Helene Elisabeth von Isenburg

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Helene Elisabeth Princess von Isenburg (born April 6, 1900 in Darmstadt as Countess von Korff, called Schmising-Kerssenbrock; † January 24, 1974 in Heiligenhaus ) was the first president of the Silent Aid Society for POWs and internees after the Second World War .


Helene Elisabeth Princess von Isenburg was born as the daughter of the forester from Hatzfeld (Eder) , Count Alfred von Korff , called Schmising-Kerssenbrock, and his wife Helene, nee. Freiin von Hilgers, born.

She grew up in a family that was heavily influenced by Catholicism . In the 1920s and 1930s she worked as a naturopath. On April 30, 1930, she married Wilhelm Prinz von Isenburg and Büdingen (1903–1956), who in 1937 became a professor of clan and family research in Munich and who represented the racial ideology of National Socialism . She herself was classified as “politically reliable” by the NSDAP .

History and establishment of the breastfeeding aid

Shortly after the end of the war, a large number of groups and associations formed (e.g. the “Working Group for the Rescue of Landsberg Prisoners” or the “Working Committee for Truth and Justice”), all of which had the aim of arresting and interned Nazi war criminals To support SS officials in custody, be it through interventions with the Allied occupation authorities or through legal aid. At the same time, these organizations supported the families of the detainees. In addition, they also helped escape via the so-called rat line, organized by Bishop Alois Hudal , via South Tyrol and Rome , mainly to South America , but also to the Middle East ( Syria , Egypt ).

Helene Elisabeth Princess von Isenburg had been active in several groups since 1946. Her contacts with the nobility, with conservative upper-class circles and her close ties to the Catholic Church quickly made her a figure of integration. She won leading representatives of the Catholic Church such as Munich Auxiliary Bishop Johannes Neuhäusler , but also the Protestant regional bishop of Württemberg , Theophil Wurm , for collaboration.

After the main actors of the later association had long since formed an active network, a non-profit association should be founded, primarily in order to increase the amount of donations due to the tax relief. On October 7, 1951, the Silent Help for Prisoners of War and Internees e. V. was formally founded and registered on November 15, 1951 as a non-profit association in the register of associations in Wolfratshausen, Upper Bavaria . Helene Elisabeth, Princess of Isenburg, was elected first president.

The founding board included the president and a. Auxiliary Bishop Neuhäusler, Regional Bishop Wurm, the Munich lawyer Rudolf Aschenauer as legal advisor, as well as several high-ranking former Nazi functionaries.

The "mother of the Landsbergers"

On January 1, 1947, the US military administration set up in the prison hospital Landsberg the war criminal prison Landsberg (War Criminal Prison No. 1). Landsberg was also chosen because in 1923/24 Adolf Hitler had served almost 9 months of imprisonment there and Rudolf Hess , Julius Streicher and Gregor Strasser were also imprisoned there during this time . Almost all of the Subsequent Nuremberg processes ( flyer processes , Malmedy process , the physician process , Einsatzgruppen Trial , Krupp Trial , OKW process , Race and Settlement Office process , Wilhelmstrasse process ) indicted and convicted defendants sat one in Landsberg. A total of 288 death sentences were carried out there by June 7, 1951 .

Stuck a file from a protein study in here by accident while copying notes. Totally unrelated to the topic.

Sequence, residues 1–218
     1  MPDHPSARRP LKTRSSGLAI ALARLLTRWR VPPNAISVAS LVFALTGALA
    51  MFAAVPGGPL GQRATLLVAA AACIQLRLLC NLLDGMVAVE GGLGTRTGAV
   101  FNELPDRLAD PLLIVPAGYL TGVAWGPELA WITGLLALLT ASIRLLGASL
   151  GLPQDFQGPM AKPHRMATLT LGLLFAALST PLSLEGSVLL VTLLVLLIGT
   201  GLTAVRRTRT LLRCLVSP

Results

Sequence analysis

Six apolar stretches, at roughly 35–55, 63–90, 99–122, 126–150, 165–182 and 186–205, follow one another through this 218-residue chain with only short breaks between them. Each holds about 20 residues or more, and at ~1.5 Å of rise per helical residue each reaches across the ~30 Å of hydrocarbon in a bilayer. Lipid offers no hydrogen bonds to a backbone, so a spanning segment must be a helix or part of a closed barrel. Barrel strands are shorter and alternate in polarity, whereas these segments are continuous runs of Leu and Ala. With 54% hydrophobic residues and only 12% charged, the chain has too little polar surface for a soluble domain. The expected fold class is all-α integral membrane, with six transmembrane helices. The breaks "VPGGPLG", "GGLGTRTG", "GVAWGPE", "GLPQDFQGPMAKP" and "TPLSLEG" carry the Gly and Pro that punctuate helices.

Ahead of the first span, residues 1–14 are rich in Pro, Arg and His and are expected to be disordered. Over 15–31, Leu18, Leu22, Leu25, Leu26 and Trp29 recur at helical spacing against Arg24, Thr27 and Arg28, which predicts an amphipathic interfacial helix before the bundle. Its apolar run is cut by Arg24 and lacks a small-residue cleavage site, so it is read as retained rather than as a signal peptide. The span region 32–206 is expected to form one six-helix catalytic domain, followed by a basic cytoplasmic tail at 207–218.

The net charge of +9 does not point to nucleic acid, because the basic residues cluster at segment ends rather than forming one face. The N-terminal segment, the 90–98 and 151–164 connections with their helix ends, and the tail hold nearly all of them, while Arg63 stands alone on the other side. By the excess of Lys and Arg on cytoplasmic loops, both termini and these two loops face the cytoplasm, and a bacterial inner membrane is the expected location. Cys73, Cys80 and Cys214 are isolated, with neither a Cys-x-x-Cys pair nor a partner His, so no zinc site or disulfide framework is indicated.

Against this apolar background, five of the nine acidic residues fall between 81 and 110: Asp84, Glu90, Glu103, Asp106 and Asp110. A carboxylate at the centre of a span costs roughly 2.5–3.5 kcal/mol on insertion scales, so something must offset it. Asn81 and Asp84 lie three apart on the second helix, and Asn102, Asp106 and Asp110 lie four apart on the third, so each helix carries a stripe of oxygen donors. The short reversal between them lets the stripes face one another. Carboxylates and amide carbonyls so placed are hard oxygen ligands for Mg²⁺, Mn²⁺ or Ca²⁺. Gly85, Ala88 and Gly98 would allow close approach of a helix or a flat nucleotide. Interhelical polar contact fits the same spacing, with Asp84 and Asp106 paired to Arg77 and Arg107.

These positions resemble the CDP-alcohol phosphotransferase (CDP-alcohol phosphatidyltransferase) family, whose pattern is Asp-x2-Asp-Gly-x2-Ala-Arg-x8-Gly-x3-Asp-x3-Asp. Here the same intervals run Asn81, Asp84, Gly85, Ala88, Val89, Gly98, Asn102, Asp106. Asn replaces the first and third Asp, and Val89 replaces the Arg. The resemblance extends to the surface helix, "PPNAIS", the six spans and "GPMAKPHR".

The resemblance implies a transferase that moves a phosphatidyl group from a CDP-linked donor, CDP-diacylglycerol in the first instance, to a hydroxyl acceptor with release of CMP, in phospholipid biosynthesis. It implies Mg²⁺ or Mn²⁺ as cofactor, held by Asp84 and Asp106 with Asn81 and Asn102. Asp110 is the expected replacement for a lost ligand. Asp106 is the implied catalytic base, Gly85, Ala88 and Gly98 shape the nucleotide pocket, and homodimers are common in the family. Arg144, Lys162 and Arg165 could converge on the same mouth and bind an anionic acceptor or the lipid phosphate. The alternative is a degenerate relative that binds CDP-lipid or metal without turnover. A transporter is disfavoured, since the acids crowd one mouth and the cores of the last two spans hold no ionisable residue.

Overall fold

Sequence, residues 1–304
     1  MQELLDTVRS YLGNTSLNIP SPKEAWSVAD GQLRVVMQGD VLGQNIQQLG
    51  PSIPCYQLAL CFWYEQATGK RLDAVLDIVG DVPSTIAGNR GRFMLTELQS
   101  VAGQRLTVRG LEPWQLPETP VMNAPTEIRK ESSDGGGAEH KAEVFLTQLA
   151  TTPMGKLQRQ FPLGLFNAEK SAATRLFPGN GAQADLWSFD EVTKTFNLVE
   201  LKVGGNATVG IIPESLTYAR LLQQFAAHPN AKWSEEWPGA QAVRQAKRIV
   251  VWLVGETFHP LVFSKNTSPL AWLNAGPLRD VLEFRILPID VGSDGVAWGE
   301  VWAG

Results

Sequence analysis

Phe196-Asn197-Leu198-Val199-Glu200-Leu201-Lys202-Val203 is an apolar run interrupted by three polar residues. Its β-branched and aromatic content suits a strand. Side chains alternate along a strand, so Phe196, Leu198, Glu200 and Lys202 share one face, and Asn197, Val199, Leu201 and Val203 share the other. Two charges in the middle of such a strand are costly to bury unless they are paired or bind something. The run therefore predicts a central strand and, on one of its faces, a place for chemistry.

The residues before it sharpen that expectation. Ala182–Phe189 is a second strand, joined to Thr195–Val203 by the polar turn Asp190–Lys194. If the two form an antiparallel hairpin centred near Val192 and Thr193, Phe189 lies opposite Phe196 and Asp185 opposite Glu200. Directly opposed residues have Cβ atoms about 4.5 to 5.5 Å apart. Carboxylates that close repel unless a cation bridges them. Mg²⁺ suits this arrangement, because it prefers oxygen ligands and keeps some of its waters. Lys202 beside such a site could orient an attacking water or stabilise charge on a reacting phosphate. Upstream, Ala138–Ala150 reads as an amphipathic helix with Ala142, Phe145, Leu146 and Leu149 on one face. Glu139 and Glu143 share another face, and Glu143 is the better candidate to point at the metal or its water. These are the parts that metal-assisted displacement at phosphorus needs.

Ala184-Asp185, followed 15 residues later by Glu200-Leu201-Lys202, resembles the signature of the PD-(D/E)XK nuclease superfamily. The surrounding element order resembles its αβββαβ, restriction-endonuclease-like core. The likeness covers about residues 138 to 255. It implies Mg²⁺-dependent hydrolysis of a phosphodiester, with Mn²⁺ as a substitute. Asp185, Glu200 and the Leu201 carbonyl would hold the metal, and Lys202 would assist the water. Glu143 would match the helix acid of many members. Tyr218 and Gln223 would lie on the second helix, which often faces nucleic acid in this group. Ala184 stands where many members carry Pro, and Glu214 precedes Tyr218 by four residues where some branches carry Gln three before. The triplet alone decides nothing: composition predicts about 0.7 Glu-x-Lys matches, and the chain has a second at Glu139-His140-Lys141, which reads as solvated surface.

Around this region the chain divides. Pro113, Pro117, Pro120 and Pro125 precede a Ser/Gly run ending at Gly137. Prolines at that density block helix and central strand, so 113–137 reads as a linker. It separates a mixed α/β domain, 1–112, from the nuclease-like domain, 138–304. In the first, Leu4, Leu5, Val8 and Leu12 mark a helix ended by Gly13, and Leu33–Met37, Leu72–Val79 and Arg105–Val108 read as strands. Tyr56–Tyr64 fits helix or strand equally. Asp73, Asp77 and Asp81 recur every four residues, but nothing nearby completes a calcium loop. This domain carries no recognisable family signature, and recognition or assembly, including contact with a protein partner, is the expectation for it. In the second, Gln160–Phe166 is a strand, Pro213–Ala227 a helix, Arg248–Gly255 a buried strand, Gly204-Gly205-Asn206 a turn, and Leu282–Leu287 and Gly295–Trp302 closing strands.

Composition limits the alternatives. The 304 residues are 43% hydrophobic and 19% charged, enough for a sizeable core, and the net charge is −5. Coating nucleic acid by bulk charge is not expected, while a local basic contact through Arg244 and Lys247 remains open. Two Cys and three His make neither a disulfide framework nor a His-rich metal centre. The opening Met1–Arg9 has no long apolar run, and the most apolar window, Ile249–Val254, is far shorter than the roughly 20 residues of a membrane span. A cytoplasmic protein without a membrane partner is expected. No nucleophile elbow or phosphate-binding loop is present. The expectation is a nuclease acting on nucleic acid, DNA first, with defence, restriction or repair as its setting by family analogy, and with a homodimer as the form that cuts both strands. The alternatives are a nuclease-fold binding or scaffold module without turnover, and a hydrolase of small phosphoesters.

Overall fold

The Nazi criminals were usually portrayed in press actions as innocent victims and pure order recipients and followers. Also to Pope Pius XII. appealed Helene Elisabeth von Isenburg with a letter dated November 4, 1950: “ I know everyone who is at stake. Nobody can talk about guilt and crime anymore who has looked into their souls ... Holy Father, you ask, completely in confidence, the mother of the Landsbergers. “Six days later, Pius XII promised. the princess, “ that everything will be done from Rome to save the life of the Landsbergers. "

In the Federal Republic of Germany the campaign “Christmas in Landsberg” was called. Letters of protest should be written to the American High Commissioner John Jay McCloy , and leading politicians, and donations should be collected. The actions of the Princess and Silent Aid increased so much that McCloy had to publicly warn of a "resurgence of Nazism". Most of the appeals for clemency were ultimately successful, with almost all death sentences commuted to life imprisonment. Federal President Theodor Heuss refused to personally receive Princess Isenburg, but in individual cases stood up for prisoners sentenced to death because the newly founded Federal Republic of Germany had abolished the death penalty - not out of sympathy with the convicted.

After the last executed death sentences in 1951, the prisoners were gradually released early in the following years through pardons or for health reasons, until the last prisoner was able to leave the Landsberg war crimes prison in 1958 .

Helene Elisabeth Princess von Isenburg resigned from her position as President of Silent Aid on October 26, 1959 for health reasons, but remained closely associated with the association as "Honorary Chairman" and contact person until her death on January 24, 1974 in Heiligenhaus.


Web links

Individual evidence

  1. a b Ernst Klee : The dictionary of persons on the Third Reich. Who was what before and after 1945 . Fischer Taschenbuch Verlag, Second updated edition, Frankfurt am Main 2005, p. 279.